NEW YORK ( TheStreet) -- Goldman Sachs (GS - Get Report) executives reportedly took a pass on a potential proprietary investment in Facebook, before buying shares for clients who couldn't get enough of the investment and charging them nearly 10 percent in fees, according to reports in The New York Times and The Wall Street Journal on Thursday.
The Journal reported that Goldman was "flooded with offers," from clients hoping to buy a stake in the privately-held company. As a result, many clients won't get nearly as large an allocation as they want, according to the report.
Goldman is able to buy as much as $1.5 billion in shares for clients, in an investment it has structured as a "special purpose vehicle" (SPV) allowing Facebook to skirt disclosure requirements for companies with more than 500 investors. The SPV will be treated as a single investor for legal purposes.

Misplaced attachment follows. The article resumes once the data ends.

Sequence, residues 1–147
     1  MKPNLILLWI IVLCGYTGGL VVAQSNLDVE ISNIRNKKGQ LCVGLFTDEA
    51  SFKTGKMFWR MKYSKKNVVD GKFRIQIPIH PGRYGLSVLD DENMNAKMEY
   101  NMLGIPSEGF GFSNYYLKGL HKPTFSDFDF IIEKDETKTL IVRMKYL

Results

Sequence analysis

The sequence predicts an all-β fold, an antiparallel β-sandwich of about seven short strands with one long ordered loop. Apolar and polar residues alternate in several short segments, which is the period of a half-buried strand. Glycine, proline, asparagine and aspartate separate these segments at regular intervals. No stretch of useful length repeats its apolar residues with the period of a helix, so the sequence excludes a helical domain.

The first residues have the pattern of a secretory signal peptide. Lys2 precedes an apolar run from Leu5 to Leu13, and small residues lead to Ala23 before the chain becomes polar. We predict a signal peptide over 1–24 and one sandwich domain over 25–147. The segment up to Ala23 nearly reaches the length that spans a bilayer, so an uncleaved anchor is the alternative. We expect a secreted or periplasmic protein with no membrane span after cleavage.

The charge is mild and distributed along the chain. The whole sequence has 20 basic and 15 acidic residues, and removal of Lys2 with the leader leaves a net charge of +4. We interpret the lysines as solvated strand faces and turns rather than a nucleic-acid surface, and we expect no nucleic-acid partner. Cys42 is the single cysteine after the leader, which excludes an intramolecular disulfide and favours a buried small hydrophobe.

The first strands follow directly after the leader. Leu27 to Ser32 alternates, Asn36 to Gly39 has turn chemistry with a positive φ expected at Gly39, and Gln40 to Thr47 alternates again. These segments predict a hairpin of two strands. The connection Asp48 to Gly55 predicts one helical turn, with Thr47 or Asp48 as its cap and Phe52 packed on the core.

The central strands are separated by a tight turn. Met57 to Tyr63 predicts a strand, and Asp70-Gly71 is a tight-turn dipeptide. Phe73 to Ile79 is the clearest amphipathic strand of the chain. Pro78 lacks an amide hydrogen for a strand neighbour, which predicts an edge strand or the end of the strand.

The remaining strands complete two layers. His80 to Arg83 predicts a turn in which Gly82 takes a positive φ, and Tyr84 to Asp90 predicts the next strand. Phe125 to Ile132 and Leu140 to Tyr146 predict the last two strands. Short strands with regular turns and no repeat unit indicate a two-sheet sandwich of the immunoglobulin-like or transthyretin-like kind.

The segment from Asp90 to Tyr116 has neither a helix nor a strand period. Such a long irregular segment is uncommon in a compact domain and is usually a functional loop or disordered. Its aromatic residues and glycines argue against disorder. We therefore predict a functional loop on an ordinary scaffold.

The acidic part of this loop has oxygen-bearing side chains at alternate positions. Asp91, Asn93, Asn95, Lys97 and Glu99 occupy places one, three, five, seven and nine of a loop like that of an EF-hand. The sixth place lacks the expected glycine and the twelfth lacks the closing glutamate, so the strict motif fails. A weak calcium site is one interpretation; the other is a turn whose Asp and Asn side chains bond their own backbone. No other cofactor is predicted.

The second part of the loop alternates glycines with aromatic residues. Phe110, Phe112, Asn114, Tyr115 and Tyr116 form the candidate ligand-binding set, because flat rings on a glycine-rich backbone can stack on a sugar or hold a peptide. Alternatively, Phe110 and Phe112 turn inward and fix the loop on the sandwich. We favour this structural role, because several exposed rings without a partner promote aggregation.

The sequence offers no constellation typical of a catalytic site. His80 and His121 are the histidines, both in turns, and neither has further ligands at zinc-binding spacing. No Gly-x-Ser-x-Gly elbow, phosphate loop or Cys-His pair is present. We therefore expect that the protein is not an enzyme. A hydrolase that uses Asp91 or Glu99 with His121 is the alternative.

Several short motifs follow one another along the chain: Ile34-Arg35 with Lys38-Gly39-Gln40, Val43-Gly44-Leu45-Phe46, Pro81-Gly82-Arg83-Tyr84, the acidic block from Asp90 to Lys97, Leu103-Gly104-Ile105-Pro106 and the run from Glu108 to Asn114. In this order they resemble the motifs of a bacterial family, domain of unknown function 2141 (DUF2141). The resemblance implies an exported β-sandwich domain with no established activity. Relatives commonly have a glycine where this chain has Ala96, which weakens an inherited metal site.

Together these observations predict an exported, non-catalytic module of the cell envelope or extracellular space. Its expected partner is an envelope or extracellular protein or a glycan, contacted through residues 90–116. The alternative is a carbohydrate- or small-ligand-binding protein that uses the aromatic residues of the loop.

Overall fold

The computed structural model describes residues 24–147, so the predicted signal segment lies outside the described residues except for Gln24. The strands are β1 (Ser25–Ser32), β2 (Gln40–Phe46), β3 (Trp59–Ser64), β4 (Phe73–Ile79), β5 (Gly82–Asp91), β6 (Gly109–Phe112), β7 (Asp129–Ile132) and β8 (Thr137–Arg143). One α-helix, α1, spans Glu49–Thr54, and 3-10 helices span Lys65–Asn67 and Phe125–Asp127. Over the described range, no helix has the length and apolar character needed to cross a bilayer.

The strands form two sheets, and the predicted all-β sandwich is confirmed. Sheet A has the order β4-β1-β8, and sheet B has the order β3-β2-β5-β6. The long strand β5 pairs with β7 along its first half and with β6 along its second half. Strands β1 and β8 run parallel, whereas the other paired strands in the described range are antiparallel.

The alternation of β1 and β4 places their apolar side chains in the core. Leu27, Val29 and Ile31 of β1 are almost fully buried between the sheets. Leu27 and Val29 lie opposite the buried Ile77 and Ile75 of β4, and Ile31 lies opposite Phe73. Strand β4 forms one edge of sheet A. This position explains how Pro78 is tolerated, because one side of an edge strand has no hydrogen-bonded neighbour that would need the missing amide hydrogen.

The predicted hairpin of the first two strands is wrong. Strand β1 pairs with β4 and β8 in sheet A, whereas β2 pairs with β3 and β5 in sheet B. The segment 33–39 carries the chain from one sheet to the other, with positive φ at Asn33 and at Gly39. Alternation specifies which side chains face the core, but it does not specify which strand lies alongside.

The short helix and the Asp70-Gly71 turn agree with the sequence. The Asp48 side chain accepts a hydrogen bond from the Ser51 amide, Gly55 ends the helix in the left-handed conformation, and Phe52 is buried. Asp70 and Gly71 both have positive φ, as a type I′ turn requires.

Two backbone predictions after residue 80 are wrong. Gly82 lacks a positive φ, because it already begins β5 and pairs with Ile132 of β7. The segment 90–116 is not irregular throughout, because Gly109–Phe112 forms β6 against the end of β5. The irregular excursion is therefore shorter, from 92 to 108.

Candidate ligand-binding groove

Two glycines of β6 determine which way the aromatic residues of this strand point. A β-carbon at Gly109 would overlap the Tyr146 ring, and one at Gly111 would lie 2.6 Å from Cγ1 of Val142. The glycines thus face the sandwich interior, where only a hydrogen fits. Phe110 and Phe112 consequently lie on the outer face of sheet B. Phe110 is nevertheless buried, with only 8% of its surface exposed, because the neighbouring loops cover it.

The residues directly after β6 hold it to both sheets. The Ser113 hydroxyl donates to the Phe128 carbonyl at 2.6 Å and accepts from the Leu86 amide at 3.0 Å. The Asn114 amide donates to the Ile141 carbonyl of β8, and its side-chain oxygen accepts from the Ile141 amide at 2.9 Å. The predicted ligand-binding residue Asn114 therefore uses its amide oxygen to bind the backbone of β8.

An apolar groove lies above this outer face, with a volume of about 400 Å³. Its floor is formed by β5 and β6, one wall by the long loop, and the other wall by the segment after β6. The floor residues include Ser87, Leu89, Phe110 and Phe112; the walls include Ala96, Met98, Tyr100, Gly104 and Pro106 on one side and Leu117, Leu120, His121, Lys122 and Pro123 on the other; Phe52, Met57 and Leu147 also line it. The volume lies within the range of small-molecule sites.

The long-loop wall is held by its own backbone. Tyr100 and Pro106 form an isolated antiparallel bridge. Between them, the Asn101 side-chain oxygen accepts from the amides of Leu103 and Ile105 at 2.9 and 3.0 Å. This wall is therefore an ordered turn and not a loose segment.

For its part, the Journal reports Goldman will collect an upfront fees of 4% in addition to a trailing 5% cut on any investment gains. Those fees could be in addition to a "private-placement fee" between 2% and 4% for arranging the deal.But while Goldman's clients are reportedly chomping at the bit to buy Facebook shares, the head of a powerful Goldman private equity unit, Richard Friedman, passed on the deal, The New York Times reported. According to the Times report, Friedman thought the investment placed too high a value on Facebook. While Friedman typically likes to take larger stakes than the one percent he would have been able to do in this case, he would have thrown out that criteria if he had seen the deal as an "easy home run," the report stated. Goldman eventually invested $450 million in a deal that values the six year-old company at $50 billion, which is roughly one sixth the value of Apple (AAPL - Get Report) a quarter of Google (GOOG - Get Report)'s market cap and about two thirds as large as Amazon (AMZN). A Goldman Sachs spokesman declined to comment on the reports. An email to Facebook's press office wasn't immediately returned. -- Written by Dan Freed in New York.